available to the people for the building of homes, hospitals and
businesses. Others argue that many of
the Crown’s lands are wild moors and coastline, which the Monarch preserves on
behalf of the nation, and keeps from the hands of voracious property barons.
The life of our late Queen reassures many people that
monarchy, done well, can be a stabilising and yet prophetic force in the life
of a nation. A wise monarch has the
power to bring people together, to speak wise words of comfort in times of
crisis, and, on behalf of the people, can provide wise but private challenge to
prime ministers (who seem to come and go with increasing frequency these days!). King Charles has often been a leader in our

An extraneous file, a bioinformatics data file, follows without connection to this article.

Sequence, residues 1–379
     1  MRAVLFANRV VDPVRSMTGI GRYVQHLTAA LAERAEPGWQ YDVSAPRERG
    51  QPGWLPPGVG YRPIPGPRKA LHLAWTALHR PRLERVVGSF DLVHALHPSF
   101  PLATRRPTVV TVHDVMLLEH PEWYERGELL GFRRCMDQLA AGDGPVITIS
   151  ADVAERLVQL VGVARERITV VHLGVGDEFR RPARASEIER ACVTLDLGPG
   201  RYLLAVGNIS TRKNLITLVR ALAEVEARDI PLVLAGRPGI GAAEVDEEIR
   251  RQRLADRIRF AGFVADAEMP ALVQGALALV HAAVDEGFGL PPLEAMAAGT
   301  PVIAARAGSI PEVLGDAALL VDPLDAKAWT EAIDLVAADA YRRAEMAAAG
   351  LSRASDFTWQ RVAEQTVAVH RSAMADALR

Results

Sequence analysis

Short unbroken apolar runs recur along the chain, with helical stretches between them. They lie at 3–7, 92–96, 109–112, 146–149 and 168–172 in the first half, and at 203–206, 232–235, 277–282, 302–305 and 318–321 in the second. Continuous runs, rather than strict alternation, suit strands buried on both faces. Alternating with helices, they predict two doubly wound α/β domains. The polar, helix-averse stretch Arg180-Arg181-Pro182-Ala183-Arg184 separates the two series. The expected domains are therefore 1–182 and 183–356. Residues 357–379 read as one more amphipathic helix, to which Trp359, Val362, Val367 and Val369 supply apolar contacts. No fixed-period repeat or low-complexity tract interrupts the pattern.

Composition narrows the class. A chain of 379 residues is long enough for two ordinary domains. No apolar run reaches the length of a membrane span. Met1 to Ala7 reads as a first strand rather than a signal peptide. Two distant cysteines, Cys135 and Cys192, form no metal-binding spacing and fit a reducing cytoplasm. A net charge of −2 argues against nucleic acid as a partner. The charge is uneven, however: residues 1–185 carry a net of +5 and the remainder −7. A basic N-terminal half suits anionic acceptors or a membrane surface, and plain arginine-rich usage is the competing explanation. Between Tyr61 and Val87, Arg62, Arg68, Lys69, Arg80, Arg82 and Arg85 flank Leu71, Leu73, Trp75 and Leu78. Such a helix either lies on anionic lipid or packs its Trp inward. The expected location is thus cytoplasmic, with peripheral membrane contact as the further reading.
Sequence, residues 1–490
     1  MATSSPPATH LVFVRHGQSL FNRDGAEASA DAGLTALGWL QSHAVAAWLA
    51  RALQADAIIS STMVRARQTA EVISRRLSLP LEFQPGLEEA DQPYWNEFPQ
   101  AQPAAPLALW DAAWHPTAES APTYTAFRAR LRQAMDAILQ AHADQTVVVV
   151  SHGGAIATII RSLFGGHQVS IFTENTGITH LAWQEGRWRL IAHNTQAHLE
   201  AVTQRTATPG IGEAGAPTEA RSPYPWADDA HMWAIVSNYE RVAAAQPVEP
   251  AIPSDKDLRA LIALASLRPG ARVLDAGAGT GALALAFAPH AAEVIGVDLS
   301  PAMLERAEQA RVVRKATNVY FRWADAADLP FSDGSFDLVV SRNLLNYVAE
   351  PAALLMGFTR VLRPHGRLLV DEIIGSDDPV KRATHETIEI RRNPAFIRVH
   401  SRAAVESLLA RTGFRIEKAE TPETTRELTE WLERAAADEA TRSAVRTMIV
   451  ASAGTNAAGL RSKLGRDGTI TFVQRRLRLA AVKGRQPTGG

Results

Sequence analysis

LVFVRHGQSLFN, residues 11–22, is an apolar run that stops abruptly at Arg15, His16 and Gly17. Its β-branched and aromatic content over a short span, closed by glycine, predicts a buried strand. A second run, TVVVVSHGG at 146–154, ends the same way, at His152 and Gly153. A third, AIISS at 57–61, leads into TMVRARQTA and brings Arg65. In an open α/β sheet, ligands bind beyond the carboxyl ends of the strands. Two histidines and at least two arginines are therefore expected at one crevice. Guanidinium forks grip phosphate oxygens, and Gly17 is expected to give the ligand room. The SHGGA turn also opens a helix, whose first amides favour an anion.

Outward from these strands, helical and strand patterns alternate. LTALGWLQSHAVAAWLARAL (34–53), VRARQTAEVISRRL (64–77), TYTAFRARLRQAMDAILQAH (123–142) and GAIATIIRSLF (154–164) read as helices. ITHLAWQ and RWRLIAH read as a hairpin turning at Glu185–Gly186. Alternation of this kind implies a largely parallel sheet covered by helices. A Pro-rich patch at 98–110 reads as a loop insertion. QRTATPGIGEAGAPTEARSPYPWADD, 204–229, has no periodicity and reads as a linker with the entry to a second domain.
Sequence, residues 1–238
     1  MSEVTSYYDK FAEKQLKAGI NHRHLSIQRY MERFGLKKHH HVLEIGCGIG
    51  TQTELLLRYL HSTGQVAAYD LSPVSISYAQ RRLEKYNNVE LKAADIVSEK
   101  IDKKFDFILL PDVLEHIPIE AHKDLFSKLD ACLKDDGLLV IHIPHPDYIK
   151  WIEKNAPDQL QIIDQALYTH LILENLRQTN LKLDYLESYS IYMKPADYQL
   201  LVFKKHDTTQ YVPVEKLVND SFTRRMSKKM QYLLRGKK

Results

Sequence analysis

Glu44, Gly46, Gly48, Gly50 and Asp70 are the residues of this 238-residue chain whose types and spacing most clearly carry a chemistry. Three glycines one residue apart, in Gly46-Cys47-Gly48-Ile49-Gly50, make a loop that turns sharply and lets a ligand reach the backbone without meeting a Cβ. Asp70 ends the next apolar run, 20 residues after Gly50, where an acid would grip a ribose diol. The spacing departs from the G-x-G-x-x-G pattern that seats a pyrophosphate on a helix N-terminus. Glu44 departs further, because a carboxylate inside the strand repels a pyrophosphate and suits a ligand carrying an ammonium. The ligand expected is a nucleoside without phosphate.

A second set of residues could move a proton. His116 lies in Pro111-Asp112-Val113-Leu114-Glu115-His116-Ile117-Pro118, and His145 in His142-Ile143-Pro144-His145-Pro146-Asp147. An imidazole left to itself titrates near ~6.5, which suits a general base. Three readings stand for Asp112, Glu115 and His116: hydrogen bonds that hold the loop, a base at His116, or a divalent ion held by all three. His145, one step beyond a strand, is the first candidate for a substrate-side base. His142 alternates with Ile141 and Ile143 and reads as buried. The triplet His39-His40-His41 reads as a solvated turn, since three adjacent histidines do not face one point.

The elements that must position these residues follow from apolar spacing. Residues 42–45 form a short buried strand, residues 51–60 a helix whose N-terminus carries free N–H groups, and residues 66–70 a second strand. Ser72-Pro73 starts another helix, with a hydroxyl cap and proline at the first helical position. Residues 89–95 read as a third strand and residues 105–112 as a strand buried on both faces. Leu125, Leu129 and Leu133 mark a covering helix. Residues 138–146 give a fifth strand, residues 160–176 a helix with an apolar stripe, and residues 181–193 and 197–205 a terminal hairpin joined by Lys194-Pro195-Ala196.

national debates. Famously, he was
worried about the environment 20 years before David Attenborough started to
worry about it. As the progenitor of the
Prince’s Trust, Charles was working to level-up the nation decades before politicians caught on to the idea. As an
enthusiastic patron of the Arts, he has constantly reminded us that from the
Arts, from comedy, drama, music and painting, come dreams and visions of who
God calls us to be.
Our Gospel reading, however, offers us another lens
through which to view the monarchy.
Jesus promises his Disciples that they will one day sit upon thrones,
judging the twelve tribes of Israel. But
he does so after making very clear that the role of any leader is primarily to
be a servant. We sometimes forget, that
the word ‘Minister’ means ‘to serve’.
The King is called to be a minister – indeed, much of yesterday’s
coronation service ritual was designed to reinforce that point. He was anointed